Social commerce is a term used to describe a form of commerce mediated by social media that facilitates the sharing of information about products and services for both online and offline purchases. Yahoo first used the term in 2005 in a launch of a new online shopping store. Social commerce is shaping emerging commercial channels and marketers are taking advantage of social technologies to expand their businesses. Given the potential of social commerce and the size and buying power of Millennials, along with their propensity to make social inspired purchases, a study on this group is invaluable in developing new strategies for selling to this tech savvy and always connected cohort.
It is estimated that Millennials will have a combined purchasing power of $2.45 trillion worldwide by 2015. Forrester Research estimates social commerce in the US to reach $30 billion by 2015. This buying will be carried out online and in stores. At this time, tracking meaningful social commerce conversions tied to user behavior is at its early stages. While we can assume that social interactions in the form on online reviews, posts, forums and recommendations is driving some purchasing, documenting the scope of this activity and final channel for purchases is difficult. This is further complicated by the race of the most popular platforms to add “buy” buttons and new payment options to encourage buying while remaining on the platform.
The driving force behind social commerce can be attributed to the Millennial generation’s penchant for social media. Numbering 76 million strong, Millennials, also known as Generation Y, are defined as the demographic cohort born between 1980 and 2000. Their size and combined purchasing power make Millennials a valuable market segment for the future success of most companies.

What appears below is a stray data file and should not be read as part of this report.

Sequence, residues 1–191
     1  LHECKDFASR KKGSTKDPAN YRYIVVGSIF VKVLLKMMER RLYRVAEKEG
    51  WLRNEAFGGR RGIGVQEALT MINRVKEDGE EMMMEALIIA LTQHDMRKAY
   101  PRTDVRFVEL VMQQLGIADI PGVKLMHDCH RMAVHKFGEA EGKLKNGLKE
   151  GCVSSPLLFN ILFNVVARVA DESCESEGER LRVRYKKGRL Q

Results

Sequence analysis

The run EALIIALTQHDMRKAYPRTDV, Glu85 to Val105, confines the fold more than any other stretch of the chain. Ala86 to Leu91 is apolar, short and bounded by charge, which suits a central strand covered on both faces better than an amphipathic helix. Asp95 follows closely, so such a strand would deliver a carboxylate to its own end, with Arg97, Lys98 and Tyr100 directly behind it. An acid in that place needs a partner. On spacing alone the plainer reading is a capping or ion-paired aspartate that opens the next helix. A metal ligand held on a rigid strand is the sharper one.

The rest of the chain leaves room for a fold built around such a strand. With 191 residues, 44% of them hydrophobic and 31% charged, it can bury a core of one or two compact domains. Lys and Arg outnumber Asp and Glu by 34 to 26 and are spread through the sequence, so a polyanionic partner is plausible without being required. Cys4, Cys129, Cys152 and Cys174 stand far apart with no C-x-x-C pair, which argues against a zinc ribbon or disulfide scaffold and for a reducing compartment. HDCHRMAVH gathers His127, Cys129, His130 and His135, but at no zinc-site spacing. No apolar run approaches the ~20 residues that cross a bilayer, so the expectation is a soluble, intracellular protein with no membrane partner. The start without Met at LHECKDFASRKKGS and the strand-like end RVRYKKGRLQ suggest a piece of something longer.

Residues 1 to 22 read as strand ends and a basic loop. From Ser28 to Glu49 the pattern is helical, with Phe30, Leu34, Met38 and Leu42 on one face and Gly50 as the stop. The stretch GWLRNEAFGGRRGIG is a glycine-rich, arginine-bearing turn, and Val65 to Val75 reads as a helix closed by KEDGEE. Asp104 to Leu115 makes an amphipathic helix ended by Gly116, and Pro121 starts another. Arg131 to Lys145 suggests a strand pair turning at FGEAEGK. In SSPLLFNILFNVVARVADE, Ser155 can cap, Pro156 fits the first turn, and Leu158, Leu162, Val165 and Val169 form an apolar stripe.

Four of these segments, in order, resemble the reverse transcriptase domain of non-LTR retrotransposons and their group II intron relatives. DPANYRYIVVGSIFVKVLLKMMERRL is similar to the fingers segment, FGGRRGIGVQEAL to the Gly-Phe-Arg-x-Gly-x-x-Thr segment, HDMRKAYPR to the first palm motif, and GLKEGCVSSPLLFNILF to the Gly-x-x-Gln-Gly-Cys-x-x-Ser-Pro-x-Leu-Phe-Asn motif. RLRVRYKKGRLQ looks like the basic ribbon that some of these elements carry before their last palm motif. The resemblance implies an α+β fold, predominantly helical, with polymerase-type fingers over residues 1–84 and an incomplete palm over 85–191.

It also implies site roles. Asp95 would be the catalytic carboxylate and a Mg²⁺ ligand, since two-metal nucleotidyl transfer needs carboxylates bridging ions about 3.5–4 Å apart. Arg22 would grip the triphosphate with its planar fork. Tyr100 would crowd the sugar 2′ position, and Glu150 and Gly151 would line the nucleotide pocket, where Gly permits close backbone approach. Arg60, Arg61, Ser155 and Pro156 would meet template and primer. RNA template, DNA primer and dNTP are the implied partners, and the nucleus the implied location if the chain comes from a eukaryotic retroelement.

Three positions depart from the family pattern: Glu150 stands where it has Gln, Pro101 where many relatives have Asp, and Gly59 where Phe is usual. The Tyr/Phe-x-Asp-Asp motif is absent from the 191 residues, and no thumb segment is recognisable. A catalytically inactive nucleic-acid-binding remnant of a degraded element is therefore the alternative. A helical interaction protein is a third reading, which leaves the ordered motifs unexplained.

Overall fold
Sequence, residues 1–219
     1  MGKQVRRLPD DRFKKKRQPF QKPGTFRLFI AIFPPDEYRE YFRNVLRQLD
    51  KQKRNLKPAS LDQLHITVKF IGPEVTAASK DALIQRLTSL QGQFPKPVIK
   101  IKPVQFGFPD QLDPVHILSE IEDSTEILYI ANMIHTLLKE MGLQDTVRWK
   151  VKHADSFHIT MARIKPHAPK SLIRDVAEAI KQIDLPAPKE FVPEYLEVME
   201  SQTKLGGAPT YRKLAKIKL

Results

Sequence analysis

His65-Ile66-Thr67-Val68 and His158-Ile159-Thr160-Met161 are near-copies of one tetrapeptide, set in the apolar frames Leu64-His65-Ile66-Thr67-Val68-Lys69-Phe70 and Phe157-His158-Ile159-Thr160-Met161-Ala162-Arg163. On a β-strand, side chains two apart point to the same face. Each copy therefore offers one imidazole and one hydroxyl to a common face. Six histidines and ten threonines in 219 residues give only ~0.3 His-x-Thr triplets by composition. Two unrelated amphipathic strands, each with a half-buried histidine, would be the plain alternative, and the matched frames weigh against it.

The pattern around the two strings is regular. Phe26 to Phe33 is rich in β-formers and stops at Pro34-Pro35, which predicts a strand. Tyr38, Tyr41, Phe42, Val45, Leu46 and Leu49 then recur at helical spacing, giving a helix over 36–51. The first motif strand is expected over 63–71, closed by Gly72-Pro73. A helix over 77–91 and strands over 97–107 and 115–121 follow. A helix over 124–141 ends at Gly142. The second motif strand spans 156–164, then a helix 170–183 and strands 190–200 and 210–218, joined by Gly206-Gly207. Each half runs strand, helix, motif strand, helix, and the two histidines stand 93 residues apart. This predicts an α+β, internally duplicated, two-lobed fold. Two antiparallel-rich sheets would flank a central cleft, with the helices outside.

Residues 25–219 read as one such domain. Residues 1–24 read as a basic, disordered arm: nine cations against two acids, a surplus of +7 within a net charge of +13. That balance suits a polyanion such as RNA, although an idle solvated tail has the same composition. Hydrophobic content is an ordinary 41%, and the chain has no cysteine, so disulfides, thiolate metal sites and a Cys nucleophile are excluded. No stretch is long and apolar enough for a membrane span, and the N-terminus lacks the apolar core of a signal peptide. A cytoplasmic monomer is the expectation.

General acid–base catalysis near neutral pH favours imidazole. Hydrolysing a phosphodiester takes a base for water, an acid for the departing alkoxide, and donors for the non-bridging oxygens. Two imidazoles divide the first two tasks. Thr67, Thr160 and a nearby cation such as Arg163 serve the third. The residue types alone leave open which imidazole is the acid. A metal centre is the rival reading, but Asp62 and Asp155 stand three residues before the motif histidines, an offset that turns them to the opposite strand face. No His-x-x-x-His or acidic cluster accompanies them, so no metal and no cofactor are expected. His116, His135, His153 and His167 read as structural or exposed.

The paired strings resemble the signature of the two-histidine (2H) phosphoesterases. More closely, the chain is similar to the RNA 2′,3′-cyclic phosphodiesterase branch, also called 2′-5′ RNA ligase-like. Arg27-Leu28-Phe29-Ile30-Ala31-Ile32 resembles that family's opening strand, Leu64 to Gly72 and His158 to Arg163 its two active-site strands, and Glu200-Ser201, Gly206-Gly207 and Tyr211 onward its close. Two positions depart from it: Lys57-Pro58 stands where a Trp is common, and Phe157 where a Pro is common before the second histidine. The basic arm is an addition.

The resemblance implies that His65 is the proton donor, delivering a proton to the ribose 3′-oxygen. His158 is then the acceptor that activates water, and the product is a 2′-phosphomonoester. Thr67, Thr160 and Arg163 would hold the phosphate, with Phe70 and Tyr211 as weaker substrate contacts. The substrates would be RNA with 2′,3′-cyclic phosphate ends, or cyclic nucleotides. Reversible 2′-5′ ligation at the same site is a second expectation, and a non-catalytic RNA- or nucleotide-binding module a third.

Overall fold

However, unlike past generations, Millennials are not influenced by traditional ‘push’ marketing strategies. Born and raised in the age of technology, Millennials consume information when and how they want to. This has grave implications for companies who cannot adapt their marketing strategies quickly enough to capture and capitalize on their intermittent attention. Social media has provided companies with valuable tools to attract and engage Millennials on their own terms. However, despite the prevalence of social media, social commerce remains a relatively new phenomenon. It will demand a new understanding of the power of sharing and its impact of consumption patterns.
In September 2014, ShareThis released one of the first studies focusing on Millennials and social commerce gathering data by observing online browsing and social patterns of Millennials. They conclude that for these young consumers, interactivity and discussion are central to purchase decisions. The study did not report on behaviors for any specific platforms and reported findings only in relation to the non-Millennial population, for example saying Millennials are “3x more likely” to behave in a certain way.
This study, conducted by the Center for Marketing Research at the University of Massachusetts Dartmouth, is an in-depth look at current purchasing habits and trends of Millennials using three of the most widely used social media platforms (Facebook, Twitter and Pinterest). Last year, the Center conducted its first study on this topic, which served as the basis for this 2014 longitudinal look at Millennials and social commerce. Changes over the past 12 months will be noted.
In an effort to discern what turns a like, follow or pin into a sale, this study, like the 2013 study, explores and analyzes lead conversion tactics as identified by Millennials themselves. Also included is a look at mobile technology and its role in online purchasing. The potential for “buy” buttons is explored for the first time along with specifics on what products Millennials are buying on the most popular platforms.
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